It is worth quoting Robert A.J. Matthews from Facts versus Factions: The use and abuse of subjectivity in scientific research, in Rethinking Risk and the Precautionary Principle (Ed: Morris, J.) (Oxford : Butterworth) 247-282 (2000). On Millikan:
In a now-famous study, the physicist and historian Gerald Holton examined the log-books for Millikan’s experiments with the electron, and revealed that he repeatedly rejected data that he deemed “unacceptable” (Holton 1978).
However, it is also clear that Millikan had another powerful motivation for using all means to obtain a convincing determination of the electronic charge: he was in a race against another researcher, Felix Ehrenhaft at the University of Vienna. Ehrenhaft had obtained similar results to those of Millikan, but they were interspersed with much lower values that suggested that the electron was not, in fact, the fundamental unit of charge. Millikan had no such doubts, published his results, and went on to win the Nobel Prize.
Millikan’s “remarkable ability” to scent out the correct answer was clearly not as great as his apologists would have us believe. Rather more remarkable is Millikan’s ability, almost half a century after his death, to evade recognition as an insouciant scientific fraudster who won the Nobel Prize by deception [Millikan’s cavalier attitude towards scientific research is further evidenced by his dealings with his young assistant Harvey Fletcher over authorship of the key papers on the properties of the electron (Fletcher 1982) and his role in early cosmic ray studies (Crease & Mann 1996, p 150-155)]
The dangers of the injudicious use of subjective criteria is further highlighted by the aftermath of Millikan’s experiments. In the decades following his work and Nobel Prize, other investigators made determinations of the electronic charge. The values they obtained show a curious trend, creeping further and further away from Millikan’s ‘canonical’ value, until finally settling down at the modern figure with which, as we have seen, it is wholly incompatible. Why was this figure not reached sooner? The Nobel Prize-winning physicist Richard Feynman has given the answer in his own inimitable style (Feynman 1988, p 382):On Pauli:
It’s apparent that people did things like this: when they got a number that was too high above Millikan’s, they thought something was wrong – and they would look for and find a reason why something might be wrong. When they got a number closer to Millikan’s value they didn’t look so hard. And so they eliminated the numbers that were too far off.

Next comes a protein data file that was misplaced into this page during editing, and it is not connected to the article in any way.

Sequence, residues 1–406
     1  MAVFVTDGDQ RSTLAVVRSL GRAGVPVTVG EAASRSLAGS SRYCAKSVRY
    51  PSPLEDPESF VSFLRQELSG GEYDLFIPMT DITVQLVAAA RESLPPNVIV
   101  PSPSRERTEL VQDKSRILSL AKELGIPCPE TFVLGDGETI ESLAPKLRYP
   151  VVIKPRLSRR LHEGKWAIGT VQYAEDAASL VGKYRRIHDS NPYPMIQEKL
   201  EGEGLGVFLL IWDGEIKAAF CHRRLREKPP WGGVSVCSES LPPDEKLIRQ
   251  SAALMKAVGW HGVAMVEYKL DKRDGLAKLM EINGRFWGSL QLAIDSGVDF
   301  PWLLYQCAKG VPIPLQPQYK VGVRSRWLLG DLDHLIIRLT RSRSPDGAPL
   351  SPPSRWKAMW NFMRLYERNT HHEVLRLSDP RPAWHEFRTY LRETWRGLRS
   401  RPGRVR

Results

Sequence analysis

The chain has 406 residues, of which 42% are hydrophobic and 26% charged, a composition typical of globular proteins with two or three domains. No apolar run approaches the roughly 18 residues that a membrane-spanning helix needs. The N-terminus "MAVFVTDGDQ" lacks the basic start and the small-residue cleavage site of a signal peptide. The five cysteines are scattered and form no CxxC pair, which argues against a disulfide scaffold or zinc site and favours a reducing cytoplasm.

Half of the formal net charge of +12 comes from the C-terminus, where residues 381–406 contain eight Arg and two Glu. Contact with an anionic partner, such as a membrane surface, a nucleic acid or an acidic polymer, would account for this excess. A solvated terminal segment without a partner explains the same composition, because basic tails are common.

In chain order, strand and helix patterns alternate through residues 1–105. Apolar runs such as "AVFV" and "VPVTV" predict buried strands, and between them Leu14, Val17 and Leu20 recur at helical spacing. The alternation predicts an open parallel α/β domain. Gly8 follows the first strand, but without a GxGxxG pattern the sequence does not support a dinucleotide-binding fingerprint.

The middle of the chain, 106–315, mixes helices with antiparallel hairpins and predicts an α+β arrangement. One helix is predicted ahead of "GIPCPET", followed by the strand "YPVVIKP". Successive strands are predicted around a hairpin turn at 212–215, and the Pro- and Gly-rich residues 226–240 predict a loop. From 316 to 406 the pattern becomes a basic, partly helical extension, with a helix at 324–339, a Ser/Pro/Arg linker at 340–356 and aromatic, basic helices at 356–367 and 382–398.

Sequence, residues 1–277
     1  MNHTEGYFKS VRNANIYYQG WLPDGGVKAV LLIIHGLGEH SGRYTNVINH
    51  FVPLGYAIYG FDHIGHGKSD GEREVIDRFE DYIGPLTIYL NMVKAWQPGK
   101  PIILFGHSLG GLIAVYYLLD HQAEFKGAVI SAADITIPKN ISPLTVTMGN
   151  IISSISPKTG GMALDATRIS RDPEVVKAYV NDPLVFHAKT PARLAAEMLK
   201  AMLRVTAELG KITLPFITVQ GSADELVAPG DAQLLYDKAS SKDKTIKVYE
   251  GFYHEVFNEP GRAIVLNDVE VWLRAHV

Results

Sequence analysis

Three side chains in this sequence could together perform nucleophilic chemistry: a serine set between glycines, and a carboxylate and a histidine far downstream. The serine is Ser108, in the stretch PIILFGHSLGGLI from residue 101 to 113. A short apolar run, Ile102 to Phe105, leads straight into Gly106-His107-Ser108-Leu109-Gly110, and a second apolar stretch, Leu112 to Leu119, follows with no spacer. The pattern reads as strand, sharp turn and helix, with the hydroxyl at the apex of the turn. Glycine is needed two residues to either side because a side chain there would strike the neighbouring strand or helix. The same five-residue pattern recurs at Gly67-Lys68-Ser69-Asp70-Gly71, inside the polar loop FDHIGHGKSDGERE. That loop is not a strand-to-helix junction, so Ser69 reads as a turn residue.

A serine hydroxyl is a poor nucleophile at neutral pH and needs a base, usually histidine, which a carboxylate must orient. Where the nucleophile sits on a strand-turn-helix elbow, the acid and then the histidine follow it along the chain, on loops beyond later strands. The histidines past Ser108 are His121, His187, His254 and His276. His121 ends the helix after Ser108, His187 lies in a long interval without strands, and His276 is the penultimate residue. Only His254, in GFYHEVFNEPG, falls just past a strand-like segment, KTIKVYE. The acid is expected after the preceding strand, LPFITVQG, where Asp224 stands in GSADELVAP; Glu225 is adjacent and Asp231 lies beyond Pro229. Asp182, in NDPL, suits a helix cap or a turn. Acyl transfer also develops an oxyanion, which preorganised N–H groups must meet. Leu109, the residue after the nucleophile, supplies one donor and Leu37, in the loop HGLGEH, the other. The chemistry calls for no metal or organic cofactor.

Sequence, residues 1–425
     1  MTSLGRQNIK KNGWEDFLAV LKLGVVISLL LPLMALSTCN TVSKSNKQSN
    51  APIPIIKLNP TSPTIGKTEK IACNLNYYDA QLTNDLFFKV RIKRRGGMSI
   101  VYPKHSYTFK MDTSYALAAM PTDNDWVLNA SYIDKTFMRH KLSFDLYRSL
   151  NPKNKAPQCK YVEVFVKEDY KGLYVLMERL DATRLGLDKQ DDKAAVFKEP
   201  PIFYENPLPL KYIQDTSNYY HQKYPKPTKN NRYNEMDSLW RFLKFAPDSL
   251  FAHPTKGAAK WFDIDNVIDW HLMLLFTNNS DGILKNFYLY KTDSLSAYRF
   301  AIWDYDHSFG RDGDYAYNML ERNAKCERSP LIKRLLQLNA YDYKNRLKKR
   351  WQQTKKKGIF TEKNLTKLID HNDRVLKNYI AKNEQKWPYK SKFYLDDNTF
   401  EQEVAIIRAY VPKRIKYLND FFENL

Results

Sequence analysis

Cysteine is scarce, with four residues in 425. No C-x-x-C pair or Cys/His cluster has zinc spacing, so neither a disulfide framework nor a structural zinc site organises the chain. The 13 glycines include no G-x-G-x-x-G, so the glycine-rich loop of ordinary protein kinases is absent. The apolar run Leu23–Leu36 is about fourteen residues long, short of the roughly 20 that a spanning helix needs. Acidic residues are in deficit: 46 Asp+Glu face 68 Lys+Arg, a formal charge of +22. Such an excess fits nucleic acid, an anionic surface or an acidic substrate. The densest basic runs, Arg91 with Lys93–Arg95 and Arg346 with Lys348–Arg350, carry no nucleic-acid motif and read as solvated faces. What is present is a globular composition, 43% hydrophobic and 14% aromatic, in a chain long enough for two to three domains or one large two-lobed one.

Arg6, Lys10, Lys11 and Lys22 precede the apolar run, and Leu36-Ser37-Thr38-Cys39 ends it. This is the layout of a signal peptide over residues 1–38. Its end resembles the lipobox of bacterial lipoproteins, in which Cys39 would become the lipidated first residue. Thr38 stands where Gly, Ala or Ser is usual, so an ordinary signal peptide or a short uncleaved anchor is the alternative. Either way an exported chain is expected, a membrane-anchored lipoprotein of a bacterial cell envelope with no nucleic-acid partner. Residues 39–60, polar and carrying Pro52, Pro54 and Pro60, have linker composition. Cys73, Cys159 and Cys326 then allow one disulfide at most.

Experimental science is not alone in being vulnerable to abuses of subjective criteria; theoretical advances can and have been gravely affected as well. Some of the most egregious examples centre on the influence of the brilliant but notoriously arrogant theorist Wolfgang Pauli, whose dismissive opinions of the work of a number of theoreticians led to their being denied credit for major scientific discoveries in elementary particle physics. For example, the discovery of the key quantum-theoretic concept of spin is widely ascribed to Uhlenbeck and Goudsmit. However, it was first put forward by the young American theorist Ralph Kronig, who was persuaded not to publish after being ridiculed by Pauli and informed that while “very clever”, the concept of spin “Of course has nothing to do with reality” (quoted in Pais 1991 p 244). Caustic ad hominem remarks by Pauli similarly led to the Swiss theorist Ernst Stueckelberg failing to publish his exchange model of the strong nuclear force; Yukawa subsequently published essentially identical ideas, and won the 1949 Nobel Prize for Physics. (Stueckelberg’s work on renormalisation of quantum electrodynamics met a similar fate, being later duplicated by three other theorists who went on to win the 1965 Nobel Prize for physics (Crease & Mann 1996, p 142-3)).